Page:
Arizona State athletic director Ray Anderson has resigned with three years left on his contract. The university confirmed the resignation in a news release Monday, saying the resignation is effective immediately.
Anderson had been head of the ASU athletic department since 2014 but has been under fire since the hiring of Herm Edwards went terribly wrong, the Arizona Republic reported. The two have worked together for years, as Anderson served as Edwards' agent in his NFL-playing days.
Edwards' reign as ASU football coach ended amid an NCAA investigation into recruiting allegations, which has yet to be resolved. ASU fired Edwards in September 2022.
Anderson said in a statement that he considered it a privilege to have been the university's AD for nine years.
"We have entered an unprecedented era where the number and magnitude of changes in the college sports landscape are astounding," Anderson said in the statement, as reported by the Arizona Republic. "As I approach my seventh decade of life, these are not matters that my leadership would be able to corral during my tenure. Continuity of leadership will be needed, and I am choosing to step aside to let the university find that leader."
With a base salary of $950,000 plus bonuses for things such as academic progress rates of each team that enhanced his salary considerably, Anderson was one of the highest-paid athletic directors in the country, according to the Arizona Republic report.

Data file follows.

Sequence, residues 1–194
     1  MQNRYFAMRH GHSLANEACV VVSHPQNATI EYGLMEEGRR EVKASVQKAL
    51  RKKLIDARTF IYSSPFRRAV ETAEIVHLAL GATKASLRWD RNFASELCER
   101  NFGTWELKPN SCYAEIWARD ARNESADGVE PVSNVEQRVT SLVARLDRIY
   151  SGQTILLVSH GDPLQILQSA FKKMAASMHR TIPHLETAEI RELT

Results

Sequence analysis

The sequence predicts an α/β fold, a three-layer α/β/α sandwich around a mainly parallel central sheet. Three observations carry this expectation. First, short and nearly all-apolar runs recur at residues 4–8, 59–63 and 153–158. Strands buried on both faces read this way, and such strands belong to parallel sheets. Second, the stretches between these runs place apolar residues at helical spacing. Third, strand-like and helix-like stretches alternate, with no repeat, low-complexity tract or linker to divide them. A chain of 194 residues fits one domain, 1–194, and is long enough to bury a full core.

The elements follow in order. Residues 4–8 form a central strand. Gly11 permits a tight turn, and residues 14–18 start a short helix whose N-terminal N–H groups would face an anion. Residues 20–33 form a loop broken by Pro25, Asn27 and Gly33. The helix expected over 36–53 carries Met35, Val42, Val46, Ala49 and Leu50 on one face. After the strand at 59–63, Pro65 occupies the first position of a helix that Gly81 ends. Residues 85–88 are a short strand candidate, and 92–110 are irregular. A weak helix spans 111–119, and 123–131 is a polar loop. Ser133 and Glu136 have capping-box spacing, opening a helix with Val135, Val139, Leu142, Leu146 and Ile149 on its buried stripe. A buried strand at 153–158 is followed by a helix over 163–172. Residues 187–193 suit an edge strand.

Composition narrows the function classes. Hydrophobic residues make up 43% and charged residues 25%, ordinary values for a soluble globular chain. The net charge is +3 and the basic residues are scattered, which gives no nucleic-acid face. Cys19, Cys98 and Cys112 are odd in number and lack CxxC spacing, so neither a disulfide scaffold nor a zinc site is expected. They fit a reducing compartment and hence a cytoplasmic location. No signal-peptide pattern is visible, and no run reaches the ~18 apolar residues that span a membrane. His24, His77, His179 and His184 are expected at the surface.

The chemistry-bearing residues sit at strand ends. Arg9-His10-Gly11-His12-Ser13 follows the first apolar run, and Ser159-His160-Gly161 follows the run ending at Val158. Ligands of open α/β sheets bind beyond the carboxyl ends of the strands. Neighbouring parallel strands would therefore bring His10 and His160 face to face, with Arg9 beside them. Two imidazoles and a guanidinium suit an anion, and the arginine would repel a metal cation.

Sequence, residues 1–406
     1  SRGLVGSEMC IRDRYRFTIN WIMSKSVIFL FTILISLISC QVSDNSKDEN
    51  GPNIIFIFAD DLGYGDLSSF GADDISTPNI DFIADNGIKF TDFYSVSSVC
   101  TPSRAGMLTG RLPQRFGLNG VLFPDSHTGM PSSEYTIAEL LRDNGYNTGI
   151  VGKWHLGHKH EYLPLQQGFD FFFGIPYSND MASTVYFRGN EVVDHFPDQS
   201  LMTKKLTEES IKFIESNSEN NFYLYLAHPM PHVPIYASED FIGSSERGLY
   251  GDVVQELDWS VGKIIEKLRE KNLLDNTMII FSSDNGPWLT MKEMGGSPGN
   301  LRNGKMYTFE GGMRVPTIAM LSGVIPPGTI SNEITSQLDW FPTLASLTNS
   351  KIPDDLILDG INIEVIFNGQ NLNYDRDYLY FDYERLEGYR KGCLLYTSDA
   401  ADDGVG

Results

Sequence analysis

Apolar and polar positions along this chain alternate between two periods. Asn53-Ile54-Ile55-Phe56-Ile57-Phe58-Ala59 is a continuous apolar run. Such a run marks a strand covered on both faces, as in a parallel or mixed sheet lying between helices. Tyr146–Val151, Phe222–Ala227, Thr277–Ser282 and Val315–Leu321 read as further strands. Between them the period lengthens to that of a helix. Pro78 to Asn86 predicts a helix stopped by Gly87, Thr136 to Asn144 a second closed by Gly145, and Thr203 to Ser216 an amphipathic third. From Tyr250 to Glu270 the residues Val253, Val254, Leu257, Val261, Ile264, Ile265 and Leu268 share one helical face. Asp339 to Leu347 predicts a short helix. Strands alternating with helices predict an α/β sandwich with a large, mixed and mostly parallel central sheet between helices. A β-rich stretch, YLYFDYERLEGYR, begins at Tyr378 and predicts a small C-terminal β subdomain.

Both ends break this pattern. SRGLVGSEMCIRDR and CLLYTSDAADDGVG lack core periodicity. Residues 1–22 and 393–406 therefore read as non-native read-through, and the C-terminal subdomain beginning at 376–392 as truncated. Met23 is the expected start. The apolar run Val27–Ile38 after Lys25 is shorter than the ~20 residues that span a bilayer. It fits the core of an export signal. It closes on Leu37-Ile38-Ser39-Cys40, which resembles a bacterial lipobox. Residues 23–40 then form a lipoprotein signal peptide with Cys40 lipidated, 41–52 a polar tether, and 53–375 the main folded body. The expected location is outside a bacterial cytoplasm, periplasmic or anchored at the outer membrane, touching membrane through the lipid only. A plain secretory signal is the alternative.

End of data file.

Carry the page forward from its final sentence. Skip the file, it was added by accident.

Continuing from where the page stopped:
Anderson will still be a professor of practice and senior adviser for the sports law and business program at the Sandra Day O'Connor College of Law.
Anderson's last public appearance was Saturday. He was on the sideline at the Rose Bowl where the Sun Devils beat UCLA, 17-7.
In ASU's news release, the university said that Jim Rund, ASU senior vice president for educational outreach and student services, will serve as interim athletic director. In 2013, Rund was the interim athletic director following the departure of Steve Patterson to the University of Texas.
Anderson's resignation comes ahead of ASU making the transition from the Pac-12 to the Big 12 conference next year. Anderson and ASU president Michael Crow tried to keep the Pac-12 together and had always been strong advocates of the conference until it no longer was viable.
The Republic reported that Anderson's departure comes as the ASU football program is working to recover from problems left behind by Edwards, who was hired in December 2017 as head coach.
Edwards parted ways with the program three games into the 2022 season and left with the cloud of an NCAA investigation into recruiting violations hanging over the program. Rather than fire Edwards, the school gave him a $4.4 million buyout, which upset school supporters, given the NCAA issue.
ASU also announced a self-imposed bowl ban in August — four days before the season opener against Southern Utah — a move that blindsided head football coach Kenny Dillingham and put this year's team at a disadvantage before it had even kicked off. The school could have done that last season but didn't. The Republic reported that opting for the bowl ban this year penalizes a coaching staff and roster made up of mostly newcomers who had nothing to do with the past program.
The fan base has been so vocal about Anderson's role in the Edwards saga that many have expressed reluctance to attend games or donate to NIL collectives until Anderson was out. The Sun Devils are behind other conference peers when it comes to the NIL collectives, which are run independently from the athletic department, the Republic reported. The season will be over by the end of the month and the transfer portal will be open with ASU having some athletes good enough to draw lucrative offers from other schools.